The Tokyo Motor Show is one of the best places to catch a glimpse of the latest concept cars and drivable prototypes. The theme for this year's show is "Open Future" with an emphasis on new mobility vehicles, autonomous driving and - hurrah! - flying cars. Here are five concepts that have us most excited.
The Tokyo Motor Show is a biennial auto show hosted by the Japan Automobile Manufacturers Association (JAMA). Starting all the way back in 1954, it has become one of the premiere auto shows for futurists, with concept cars typically outnumbering production models. (Although their are plenty of the latter on display too.)
In 2019, JAMA has taken the crystal gazing to a new level - the Aomi Exhibition Hall has been transformed into a futuristic cityscape where attendees will interact with actual physical prototypes designed by the wold's leading car manufacturers.
The Tokyo Motor Show doesn't kick off until October 24, but here are a few previously announced concepts we're excited to learn more about at the show.
Lunar exploration vehicle
One of the coolest aspects of the Tokyo Motor Show is getting to see vehicles that will never appear in a dealership's showroom. Chief among these is the Manned Pressurised Rover, a new prototype developed by the Japan Aerospace Exploration Agency (JAXA) in partnership with Toyota. Powered by fuel cell technology, it will be used to explore the moon's polar regions with a tentative launch date of 2029.
Over the course of the three-year joint research period, JAXA and Toyota will manufacture, test, and evaluate a range of prototypes, the first of which can be experienced at the 2019 Tokyo Motor Show.
NEC flying car
Tokyo Motor Show attendees will be able to check out NEC's "near-future type flying vehicle" - a prototype flying car developed and built at the company's Akibo Plant. NEC reckons its new mobility solution will seamlessly connect the ground to the sky.
As you can see from the above photo, the design is strikingly similar to a remote-controlled drone - it even has an autonomous flight mode.
The vehicle, which has successfully completed a series of "levitation tests", measures 3.9 metres in length, 3.7 metres in width and 1.3 metres in height. It's also remarkably light for its size, weighing in at around 150kg.
The prototype is part of a government-endorsed initiative to ease the burden on road traffic in Japan. NEC - which is not a car company - will be licencing the technology to third parties including Japanese drone manufacturer Cartivator.
You can tell this is a concept car just by looking it. The LQ is the latest iteration of Toyota's self-driving, electric-powered hatchback of the future. (It was formerly dubbed the 'Concept-I'.)
The car has it own artificial intelligence assistant named Yui which will reportedly be able to sense the driver's emotional state and alertness. (Hopefully it will utter an understated "...Dude." when you're road raging.)
According to Toyota, Yui will have a wide range of "human-machine interactions" at its disposal, including in-seat functions designed to increase alertness or reduce stress, in-vehicle illumination, air conditioning and a fragrance dispenser(!) You can also put it in charge of your music playlist and chat to it about a range of topics. In other words, it's basically K.I.T.T. from Nigtrider.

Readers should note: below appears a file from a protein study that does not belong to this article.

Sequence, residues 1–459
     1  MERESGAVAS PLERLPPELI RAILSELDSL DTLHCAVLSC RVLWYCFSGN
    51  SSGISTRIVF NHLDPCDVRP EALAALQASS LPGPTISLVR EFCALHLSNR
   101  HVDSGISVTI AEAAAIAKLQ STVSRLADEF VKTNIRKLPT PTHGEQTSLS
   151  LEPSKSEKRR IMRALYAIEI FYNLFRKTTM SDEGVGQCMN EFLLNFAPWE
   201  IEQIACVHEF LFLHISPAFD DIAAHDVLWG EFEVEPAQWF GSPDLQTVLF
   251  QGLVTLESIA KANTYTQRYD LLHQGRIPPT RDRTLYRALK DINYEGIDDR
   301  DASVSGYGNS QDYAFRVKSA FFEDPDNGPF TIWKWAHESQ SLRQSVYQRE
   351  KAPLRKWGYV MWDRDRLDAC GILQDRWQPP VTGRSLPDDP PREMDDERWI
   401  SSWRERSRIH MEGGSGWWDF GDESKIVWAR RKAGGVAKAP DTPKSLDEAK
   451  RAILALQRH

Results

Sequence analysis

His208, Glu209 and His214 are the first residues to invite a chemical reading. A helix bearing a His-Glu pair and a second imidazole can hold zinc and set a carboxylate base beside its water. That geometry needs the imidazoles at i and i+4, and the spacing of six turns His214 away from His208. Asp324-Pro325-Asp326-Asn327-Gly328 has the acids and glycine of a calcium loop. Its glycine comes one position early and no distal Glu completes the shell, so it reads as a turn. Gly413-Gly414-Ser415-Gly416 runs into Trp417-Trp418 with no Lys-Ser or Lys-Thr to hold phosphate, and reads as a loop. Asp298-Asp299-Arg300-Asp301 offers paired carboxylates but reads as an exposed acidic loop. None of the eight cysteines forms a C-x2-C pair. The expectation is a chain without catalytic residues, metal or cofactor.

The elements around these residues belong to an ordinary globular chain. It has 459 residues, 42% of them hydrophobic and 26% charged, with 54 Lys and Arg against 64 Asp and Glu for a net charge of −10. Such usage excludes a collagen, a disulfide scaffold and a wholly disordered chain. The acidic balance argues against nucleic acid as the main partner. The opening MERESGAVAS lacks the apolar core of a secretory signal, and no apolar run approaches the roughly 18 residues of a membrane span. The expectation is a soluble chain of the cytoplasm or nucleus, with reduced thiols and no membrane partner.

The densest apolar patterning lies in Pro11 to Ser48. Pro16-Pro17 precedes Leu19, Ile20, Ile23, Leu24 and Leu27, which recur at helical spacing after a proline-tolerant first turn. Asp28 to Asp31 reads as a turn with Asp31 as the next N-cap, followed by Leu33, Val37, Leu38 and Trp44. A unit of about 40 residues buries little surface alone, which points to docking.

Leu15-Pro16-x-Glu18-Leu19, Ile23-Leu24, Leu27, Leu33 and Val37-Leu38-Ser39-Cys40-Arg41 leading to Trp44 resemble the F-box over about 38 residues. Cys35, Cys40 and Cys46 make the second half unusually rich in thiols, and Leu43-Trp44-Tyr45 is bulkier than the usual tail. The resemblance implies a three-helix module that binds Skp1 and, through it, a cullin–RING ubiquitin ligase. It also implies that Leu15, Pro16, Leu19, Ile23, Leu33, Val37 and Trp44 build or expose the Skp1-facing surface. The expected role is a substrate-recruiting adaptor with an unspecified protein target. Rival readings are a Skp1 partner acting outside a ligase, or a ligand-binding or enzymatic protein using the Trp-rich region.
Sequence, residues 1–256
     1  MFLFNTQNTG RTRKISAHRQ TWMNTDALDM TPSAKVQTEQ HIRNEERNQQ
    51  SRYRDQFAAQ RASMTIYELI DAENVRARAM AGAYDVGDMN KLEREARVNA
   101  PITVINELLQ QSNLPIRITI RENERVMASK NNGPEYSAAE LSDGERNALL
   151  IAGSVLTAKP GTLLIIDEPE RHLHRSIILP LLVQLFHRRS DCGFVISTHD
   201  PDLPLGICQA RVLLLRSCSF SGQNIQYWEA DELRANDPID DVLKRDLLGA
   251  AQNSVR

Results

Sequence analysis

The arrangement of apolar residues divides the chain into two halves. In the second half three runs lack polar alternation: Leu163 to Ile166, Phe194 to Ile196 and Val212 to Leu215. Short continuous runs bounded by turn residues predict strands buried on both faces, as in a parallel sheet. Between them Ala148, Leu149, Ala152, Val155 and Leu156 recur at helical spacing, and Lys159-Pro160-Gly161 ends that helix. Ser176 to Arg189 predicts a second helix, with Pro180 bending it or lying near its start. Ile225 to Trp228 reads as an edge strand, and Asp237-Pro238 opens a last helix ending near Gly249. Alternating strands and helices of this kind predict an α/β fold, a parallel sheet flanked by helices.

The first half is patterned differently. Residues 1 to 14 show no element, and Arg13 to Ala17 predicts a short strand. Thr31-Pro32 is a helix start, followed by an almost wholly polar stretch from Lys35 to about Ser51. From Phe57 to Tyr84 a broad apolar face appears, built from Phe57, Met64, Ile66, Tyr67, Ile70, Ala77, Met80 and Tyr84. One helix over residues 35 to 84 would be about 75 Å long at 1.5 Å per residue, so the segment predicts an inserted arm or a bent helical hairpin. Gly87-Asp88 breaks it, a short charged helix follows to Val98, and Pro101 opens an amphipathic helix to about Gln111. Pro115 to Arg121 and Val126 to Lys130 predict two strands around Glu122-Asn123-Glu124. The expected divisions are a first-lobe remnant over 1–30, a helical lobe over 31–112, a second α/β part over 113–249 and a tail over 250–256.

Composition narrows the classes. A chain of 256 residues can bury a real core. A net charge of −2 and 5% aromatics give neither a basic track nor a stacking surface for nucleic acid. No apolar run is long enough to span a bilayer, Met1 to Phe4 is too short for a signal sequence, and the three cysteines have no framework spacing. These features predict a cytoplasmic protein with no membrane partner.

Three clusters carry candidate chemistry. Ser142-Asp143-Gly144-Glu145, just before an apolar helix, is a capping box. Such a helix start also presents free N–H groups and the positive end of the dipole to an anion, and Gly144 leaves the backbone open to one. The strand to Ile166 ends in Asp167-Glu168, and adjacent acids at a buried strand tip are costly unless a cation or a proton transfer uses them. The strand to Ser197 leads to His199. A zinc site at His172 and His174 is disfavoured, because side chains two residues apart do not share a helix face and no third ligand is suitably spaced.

In addition to a digital pal, the LQ will come with an autonomous driving system equivalent to SAE Level 4. This means it can practically drive itself.
Autonomous driving is set to play a huge role at this year's Tokyo Motor Show. One of the more intriguing concepts is Panasonic's SPACe_L which looks like something out of 2001: A Space Odyssey. Previously unveiled at CES 2019, the vehicle contains a highly customisable interior that can shift between different 'atmospheres' ranging from “Living Room” to “Business”.
As we have noted in the past, the self-driving cars of the future are expected to look nothing like the cars of today. For example, it will be possible to install seats that swivel around so that the passengers are all facing each other because nobody is driving. You could also have video conferencing equipment built into the dash and touch screens or LED panels instead of windows.
Panasonic reckons we'll be seeing cars like this around 2030. At the rate this technology is developing, we think that's a pretty conservative estimate.
The current fleet of autonomous car prototypes aren't terribly far removed from their manual counterparts — visually, the only significant difference is the mechanical brain stuffed inside their boots. All this is set to change in the years ahead, however. As Nvidia's senior director of automotive research Danny Shapiro explains, everything from the materials used to the way cars are upgraded will be completely different. In short, your car will behave like a very expensive smart phone.
Tiny electric cars!
In addition to concept cars of the future, the Tokyo Motor Show will also be showing off plenty of models that are almost ready for prime time. This includes a bevy of new electric vehicles.
Among the new battery-powered vehicles set to debut at this year's show is the Toyota Ultra-Compact BEV. As we previously reported, this is a ridiculously cute two-seater designed for regular, short-distance trips. It has a maximum speed of 60 km/h and can be driven for approximately 100 km on a single charge. Think of it as a mobility device for the elderly, but on steroids.
Lexus, Mazda, Mitsubishi, Nissan, Suzuki and Suburu will also be showing off hybrid- and battery-powered vehicles this year. In fact, most of the models at the show are powered by some form of electrification. It's where the future of the auto industry is unquestionably heading. (Accept it, petrol heads.)
Gizmodo attended the Tokyo Motor Show as a guest of Toyota.